Model of an atom
|Protons||Discovered by Goldstein||Neutrons > Protons > Electrons (in terms of mass)|
|Electrons||Discovered by Thomson|
|Neutrons||Discovered by Chadwick|
- When size of nucleus enlarges → Electrostatic force > Nuclear force, which leads to radioactivity
- Unstable atomic nuclei will spontaneously decompose to form nuclei with a higher stability.
- The decomposition process is called radioactivity. The energy and particles which are released during the decomposition process are called radiation.
- When the unstable nuclei are prepared in the laboratory, the decomposition is called induced radioactivity.
- When unstable nuclei decompose in nature, the process is referred to as natural radioactivity.
Three major types of natural radioactivity
- Consists of a stream of positively charged particles, called alpha particles
- Alpha particles have an atomic mass of 4 and a charge of +2 (a helium nucleus).
- When an alpha particle is ejected from a nucleus, the mass number of the nucleus decreases by four units and the atomic number decreases by two units. For example:
23892U → 42He + 23490Th (The helium nucleus is the alpha particle)
- Consists of a stream of electrons, called beta particles.
- When a beta particle is ejected, a neutron in the nucleus is converted to a proton, so the mass number of the nucleus is unchanged, but the atomic number increases by one unit. For example:
23490Th → 0-1e + 23491Pa (The electron is the beta particle)
- Gamma rays are high-energy photons with a very short wavelength (0.0005 to 0.1 nm).
- The emission of gamma radiation results from an energy change within the atomic nucleus.
- Gamma emission changes neither the atomic number nor the atomic mass.
- Alpha and beta emission are often accompanied by gamma emission, as an excited nucleus drops to a lower and more stable energy state.
Applications of Radioactivity
- Used as a tracer for chemical reactions. You can put an isotope in a living organism and it will do the same reactions as the regular element but you will be able to trace what it reacts with and where it goes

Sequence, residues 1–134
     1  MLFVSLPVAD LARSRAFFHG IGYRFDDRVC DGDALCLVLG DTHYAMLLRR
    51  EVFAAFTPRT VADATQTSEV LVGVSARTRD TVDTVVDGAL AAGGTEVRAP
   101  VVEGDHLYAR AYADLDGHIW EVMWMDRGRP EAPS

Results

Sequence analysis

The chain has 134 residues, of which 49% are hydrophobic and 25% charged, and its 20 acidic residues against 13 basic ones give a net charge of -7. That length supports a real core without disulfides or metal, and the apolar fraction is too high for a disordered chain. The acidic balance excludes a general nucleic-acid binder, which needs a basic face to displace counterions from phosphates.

- Detecting how old something is by seeing how much of the isotope of the element is left → Carbon Dating → C 14 (Used for living organisms) & Uranium dating → For non-living organism ex. rocks
- Used for finding out the faults in metal structures esp. in airplanes → radioactive material will penetrate more through the cracked areas
- Act as a fuel for nuclear reactors to produce electricity
- Some isotopes are used in the treatment of cancer→ to kill the cancer mutated cells
- Some isotopes are used to study the proper functioning of internal organs
- Gamma radiations are used to sterilize the surgical instruments
- Radio phosphorous is used for studying the rate of phosphorous assimilation by the plant
- Preservation of food grains and seeds
- Used for preparing synthetic elements (artificial transmutation)
- Detecting leaks in natural gas pipes
- In nuclear fission the nucleus of an atom breaks up into two lighter nuclei.
- The process is accompanied by the release of a large amount of energy.
- The process may take place spontaneously in some cases or may be induced by the excitation of the nucleus with a variety of particles (e.g., neutrons, protons, deuterons, or alpha particles) or with electromagnetic radiation in the form of gamma rays.
Atomic bomb → Only by fissile U 235 i.e. Enriched Uranium (90%)
For Nuclear reactors → 6 % of U-235
- Process by which nuclear reactions between light elements form heavier elements (up to iron).
- During this process, matter is not conserved because some of the matter of the fusing nuclei is converted to photons (energy) → substantial amounts of energy are released.
Hydrogen bomb → Requires an atomic bomb to detonate
- A nuclear reactor, formerly known as atomic pile, is a device used to initiate and control a sustained nuclear chain reaction.
- Nuclear reactors are used at nuclear power plants for electricity generation and in propulsion of ships.
- Heat from nuclear fission is passed to a working fluid (water or gas), which runs through turbines.
- These either drive a ship’s propellers or turn electrical generators.
|Fission||Controlled chain reaction of U 235 or Plutonium 239|
|Moderators||D2O, H2O, Solid Graphite (To slow down neutrons bombardment & start a chain reaction)|
Heat Generation → Rotation of turbines → Powering Generator → Electricity through cable lines
|Control Rods||Cadmium (Which absorb excess neutrons)|